“Cadaver” review


Courtesy of Netflix

By Brandon Smalley, Staff Writer

It is Halloween time, and with it comes the classic horror movies of the ages. Texas Chainsaw Massacre, Friday the 13th, Nightmare on Elm Street; all of these are sure to be playing on TV’s around the country during this time of spookiness and horror. 

Perhaps the average viewer wants something newer, fresher, and straight from the mind of the Norweigan writer and director, Jarand Herdal. His first film to ever go on the popular streaming service, Netflix, would be “Cadaver”. However, some may ask, is it worth it?

“Cadaver” is a film about a family of three; Leonary, Jacob, and their child Alice. They are survivors of a nuclear disaster and are invited to a very charitable event by a charismatic hotel owner named Mathias, who promised them free food and a show.

As one may expect, this dastardly offer is all too good to be true, and people start mysteriously disappearing. The naive family must figure out and survive a night with the cunning Mathias and his eloquent hotel.

However, not even 20 minutes into the film and there are already glaring issues from the fact that the dialogue is more than clumsy, the English subtitles don’t match the English audio, and nothing is questioned about the nice man offering free food to the poor populace of this run down world. If one wants to experience this movie in its purest form, watch it in the Norwegian dub.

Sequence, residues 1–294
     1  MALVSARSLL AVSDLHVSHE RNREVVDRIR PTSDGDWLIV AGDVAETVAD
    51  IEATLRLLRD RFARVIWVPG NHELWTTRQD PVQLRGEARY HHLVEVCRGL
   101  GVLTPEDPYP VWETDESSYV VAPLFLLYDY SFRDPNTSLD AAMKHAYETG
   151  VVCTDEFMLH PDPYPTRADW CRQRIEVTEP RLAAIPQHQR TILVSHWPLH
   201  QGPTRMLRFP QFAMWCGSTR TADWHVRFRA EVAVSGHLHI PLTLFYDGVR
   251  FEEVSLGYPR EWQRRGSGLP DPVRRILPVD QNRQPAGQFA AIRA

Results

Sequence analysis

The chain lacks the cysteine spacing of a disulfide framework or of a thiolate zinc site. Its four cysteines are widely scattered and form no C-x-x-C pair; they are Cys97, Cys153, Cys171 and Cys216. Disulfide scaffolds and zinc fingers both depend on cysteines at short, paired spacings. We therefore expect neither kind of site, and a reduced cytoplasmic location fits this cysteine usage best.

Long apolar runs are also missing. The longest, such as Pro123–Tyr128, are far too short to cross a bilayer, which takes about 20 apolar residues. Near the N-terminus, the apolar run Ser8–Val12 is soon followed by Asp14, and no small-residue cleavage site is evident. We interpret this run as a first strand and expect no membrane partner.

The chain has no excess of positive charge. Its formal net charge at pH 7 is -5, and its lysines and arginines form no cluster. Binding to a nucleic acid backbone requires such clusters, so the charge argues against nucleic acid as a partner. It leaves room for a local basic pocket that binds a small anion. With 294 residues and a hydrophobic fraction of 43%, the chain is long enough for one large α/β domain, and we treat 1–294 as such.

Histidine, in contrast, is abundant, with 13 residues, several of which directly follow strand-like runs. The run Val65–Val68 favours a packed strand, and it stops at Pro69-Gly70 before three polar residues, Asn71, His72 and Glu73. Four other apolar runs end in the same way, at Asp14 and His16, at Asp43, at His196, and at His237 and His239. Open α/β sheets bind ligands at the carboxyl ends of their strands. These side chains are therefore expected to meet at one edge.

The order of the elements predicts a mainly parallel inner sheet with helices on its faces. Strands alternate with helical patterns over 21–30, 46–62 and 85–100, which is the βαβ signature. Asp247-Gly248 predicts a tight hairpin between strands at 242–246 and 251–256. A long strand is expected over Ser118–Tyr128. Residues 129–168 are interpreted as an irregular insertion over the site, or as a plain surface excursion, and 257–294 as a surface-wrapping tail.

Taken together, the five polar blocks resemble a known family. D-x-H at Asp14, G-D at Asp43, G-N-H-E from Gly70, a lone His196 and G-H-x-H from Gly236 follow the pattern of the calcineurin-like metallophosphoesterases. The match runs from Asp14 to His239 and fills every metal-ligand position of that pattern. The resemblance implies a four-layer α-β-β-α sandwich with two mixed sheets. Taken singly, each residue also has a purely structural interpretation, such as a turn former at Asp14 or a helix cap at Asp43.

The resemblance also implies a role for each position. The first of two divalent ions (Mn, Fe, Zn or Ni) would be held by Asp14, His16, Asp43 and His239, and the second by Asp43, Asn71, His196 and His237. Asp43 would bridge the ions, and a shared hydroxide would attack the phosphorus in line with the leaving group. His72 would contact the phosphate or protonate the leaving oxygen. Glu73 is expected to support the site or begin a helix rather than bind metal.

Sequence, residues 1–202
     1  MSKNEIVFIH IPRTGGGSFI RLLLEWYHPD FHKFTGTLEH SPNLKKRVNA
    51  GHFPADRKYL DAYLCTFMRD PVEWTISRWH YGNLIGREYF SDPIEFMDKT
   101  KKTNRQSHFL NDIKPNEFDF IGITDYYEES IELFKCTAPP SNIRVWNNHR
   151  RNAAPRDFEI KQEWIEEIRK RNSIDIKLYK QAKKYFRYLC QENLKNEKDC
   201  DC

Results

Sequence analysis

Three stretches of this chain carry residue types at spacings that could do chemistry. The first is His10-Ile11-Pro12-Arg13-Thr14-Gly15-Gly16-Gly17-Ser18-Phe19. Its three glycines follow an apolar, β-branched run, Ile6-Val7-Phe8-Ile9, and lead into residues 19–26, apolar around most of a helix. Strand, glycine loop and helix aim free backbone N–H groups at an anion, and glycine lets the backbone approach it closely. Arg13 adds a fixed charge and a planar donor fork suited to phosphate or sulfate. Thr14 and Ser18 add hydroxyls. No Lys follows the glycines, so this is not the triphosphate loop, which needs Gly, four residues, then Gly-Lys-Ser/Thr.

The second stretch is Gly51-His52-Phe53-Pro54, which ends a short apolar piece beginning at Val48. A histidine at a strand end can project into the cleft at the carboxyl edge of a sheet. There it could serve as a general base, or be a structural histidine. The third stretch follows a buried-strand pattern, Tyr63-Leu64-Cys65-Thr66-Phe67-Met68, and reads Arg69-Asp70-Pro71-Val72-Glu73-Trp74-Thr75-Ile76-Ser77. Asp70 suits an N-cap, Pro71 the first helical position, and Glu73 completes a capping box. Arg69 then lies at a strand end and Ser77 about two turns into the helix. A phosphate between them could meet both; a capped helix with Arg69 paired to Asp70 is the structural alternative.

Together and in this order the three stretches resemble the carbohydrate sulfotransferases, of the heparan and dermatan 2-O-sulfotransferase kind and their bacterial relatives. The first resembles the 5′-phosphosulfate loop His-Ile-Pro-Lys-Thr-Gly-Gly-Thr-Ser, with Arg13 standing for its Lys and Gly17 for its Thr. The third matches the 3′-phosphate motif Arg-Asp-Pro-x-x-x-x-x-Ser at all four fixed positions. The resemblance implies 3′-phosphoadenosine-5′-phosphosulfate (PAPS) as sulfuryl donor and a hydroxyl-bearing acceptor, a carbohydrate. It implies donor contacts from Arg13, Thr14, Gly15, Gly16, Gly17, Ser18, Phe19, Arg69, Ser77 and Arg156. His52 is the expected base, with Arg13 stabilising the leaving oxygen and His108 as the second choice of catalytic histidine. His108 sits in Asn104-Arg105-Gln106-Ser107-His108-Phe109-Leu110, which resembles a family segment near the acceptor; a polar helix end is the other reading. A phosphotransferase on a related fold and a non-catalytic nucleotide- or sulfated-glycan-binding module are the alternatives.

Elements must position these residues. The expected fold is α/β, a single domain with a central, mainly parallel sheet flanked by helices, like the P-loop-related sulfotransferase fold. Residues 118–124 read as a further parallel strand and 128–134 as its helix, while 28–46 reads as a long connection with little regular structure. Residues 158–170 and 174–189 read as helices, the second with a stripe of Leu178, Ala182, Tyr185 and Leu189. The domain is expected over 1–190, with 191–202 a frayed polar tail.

In contrast to the plot and dialogue, the imagery is delightful. The difference between the harsh impoverished wasteland and the luxurious hotel is night and day, and visually is very stunning. What stood out the most was the opening scene inside the hotel’s theater; candles lit up the red velvet curtains in a majestic scene.

The horror, in the film however, falls flat just like the plot and story. Imagery and artistry are very welcome in a movie. but when a horror movie must rely on cheap jump scares and audio stings to tell the viewer how to feel, it starts to feel like the movie is leaning on these overused tropes instead of utilizing the power of suspense that it could potentially have.  

In conclusion, Netflix’s “Cadaver” is a forgettable movie with a forgettable cast. It tries to tell a message of Darwinism in a post apocalyptic setting but it comes off as generic and uninteresting. If there is nothing else to watch, it offers an hour and a half time killer.